Since no reports in the literature were found about the effects foscarnet on the body weight gain of pregnant rats, this aspect was examined in our animals. Table I and Fig. 1 show the body weight gain of rats during pregnancy throughout the experimental period. Similarly to what occurs in normal rats, it should be noticed that all groups reached their fastest weight gain in the last third of pregnancy, but no differences were detected with regard to the control group.

The drug administration protocol used herein corresponded to a foetal exposition to foscarnet during the entire gestational period, comprising the phases of cell hyperplasia, hyperplasia/hypertrophy and hypertrophy (Winick, 1970).

In the course of foscarnet use for the treatment of cytomegalovirus retinitis in patients with AIDS, Jacobson et al. (1989) and Lehoang et al. (1989) reported the occurrence of hypomagnesemia, hypocalemia, hypocalcemia and hypophosphatemia. Accordingly, Paspaliaris et al. (1993) showed that foscarnet inhibits vascular smooth muscle contraction by inhibiting calcium release from intracellular stores, and it seems that the foscarnet molecule binds preferentially magnesium ions (Noormohamed et al., 1996). The actions exerted by foscarnet at the mineral metabolism level could help to explain, at least in part, why pregnant rats treated during the entire period of gestation display deleterious effects, mainly at placental and foetal compartments. Accordingly, it is highly conceivable that the shortening of foetal limbs seen in the group E3 may relate to the interference of foscarnet with calcium ions.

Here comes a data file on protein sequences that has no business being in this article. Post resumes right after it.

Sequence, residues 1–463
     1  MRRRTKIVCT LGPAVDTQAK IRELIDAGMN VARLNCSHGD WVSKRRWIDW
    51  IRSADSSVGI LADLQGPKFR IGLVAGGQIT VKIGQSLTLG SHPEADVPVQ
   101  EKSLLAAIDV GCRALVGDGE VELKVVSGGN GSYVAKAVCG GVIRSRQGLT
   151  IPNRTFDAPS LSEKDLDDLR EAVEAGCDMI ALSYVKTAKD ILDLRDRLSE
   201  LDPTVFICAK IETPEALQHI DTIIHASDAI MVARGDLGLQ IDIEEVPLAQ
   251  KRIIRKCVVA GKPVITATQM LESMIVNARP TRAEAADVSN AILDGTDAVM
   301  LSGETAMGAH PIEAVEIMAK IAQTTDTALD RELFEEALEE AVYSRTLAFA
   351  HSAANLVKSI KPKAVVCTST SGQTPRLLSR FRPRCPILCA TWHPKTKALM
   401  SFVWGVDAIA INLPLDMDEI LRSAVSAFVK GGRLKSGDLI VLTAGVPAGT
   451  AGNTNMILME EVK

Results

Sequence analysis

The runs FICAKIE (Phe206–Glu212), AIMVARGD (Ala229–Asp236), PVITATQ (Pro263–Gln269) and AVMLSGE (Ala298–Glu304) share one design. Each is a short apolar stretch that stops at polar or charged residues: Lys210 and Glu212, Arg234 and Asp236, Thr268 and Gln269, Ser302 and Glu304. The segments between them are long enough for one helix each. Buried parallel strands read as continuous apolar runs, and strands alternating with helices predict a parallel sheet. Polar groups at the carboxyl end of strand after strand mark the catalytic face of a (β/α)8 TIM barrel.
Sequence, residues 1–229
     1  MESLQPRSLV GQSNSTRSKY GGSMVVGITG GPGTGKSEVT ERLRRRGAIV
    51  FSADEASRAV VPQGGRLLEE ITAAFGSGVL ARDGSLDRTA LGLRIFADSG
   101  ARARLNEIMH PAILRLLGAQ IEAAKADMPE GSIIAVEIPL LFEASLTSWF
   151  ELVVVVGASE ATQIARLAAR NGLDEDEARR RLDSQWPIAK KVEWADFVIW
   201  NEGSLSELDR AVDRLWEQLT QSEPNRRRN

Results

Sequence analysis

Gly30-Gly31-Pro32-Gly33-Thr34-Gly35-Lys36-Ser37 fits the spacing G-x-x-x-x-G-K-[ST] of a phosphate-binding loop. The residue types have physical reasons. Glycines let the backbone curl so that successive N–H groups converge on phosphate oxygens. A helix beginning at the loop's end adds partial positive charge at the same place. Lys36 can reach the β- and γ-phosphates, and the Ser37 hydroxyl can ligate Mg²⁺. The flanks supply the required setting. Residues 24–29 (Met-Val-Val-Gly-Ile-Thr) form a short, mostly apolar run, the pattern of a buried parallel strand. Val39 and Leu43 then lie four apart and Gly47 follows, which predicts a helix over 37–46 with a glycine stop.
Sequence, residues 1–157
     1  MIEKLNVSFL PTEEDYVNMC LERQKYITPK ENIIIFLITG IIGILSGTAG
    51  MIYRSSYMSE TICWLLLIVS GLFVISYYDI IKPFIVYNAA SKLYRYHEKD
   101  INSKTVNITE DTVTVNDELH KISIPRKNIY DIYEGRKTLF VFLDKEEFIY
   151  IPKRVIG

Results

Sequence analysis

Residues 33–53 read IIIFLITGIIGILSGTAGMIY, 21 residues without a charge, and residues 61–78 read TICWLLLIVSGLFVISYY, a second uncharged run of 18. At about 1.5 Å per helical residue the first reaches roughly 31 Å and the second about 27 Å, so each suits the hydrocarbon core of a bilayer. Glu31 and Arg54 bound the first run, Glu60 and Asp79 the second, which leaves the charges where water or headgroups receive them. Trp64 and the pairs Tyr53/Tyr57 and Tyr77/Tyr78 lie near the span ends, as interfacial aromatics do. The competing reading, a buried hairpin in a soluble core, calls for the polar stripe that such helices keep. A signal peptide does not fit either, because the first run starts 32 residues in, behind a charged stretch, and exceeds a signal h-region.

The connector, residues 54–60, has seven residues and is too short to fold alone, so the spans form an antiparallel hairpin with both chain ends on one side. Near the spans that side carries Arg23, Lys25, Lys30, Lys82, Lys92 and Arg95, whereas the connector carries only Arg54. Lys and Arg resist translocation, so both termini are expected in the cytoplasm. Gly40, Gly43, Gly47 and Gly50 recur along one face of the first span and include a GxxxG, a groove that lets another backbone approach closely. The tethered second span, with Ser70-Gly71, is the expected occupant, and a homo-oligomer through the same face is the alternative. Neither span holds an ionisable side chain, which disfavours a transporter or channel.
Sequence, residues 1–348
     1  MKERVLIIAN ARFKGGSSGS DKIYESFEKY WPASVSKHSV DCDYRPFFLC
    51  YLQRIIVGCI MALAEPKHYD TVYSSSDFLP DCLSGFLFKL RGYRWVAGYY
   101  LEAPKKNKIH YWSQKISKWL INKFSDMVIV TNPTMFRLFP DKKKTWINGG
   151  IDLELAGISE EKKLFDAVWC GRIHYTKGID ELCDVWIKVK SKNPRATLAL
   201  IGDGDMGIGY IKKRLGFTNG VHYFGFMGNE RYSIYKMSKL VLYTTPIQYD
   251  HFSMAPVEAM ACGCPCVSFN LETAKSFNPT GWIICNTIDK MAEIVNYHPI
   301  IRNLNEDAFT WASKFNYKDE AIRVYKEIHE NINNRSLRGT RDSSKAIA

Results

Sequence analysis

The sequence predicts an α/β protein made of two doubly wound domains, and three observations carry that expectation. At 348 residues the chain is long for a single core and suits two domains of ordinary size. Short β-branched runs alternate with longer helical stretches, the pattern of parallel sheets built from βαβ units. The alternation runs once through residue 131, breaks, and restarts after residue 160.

Fig. 1. Evolution of body weight gain during pregnancy in rats, control (C) or treated during the entire period of pregnancy with foscarnet (E1 = 180 mg/Kg; E2 = 360 mg/Kg; E3 = 720 mg/Kg once a day, by gavage). Values are mean ± SEM (n = 10 for every group) of percentual increments with regard to the initial weight (pregnancy day zero). No significant differences were detected among the groups.

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Correspondence to:
Prof. Dr. Cícero Venneri Mathias
Departamento de Obstetrícia.
Universidade Federal de São Paulo ­ UNIFRESP/EPM
Rua Dr. Esdras Pacheco Ferreira, 143 Vila Nova Conceição
CEP 04507-060
São Paulo, SP. BRAZIL

Received : 11-02-2005
Accepted: 22-04-2005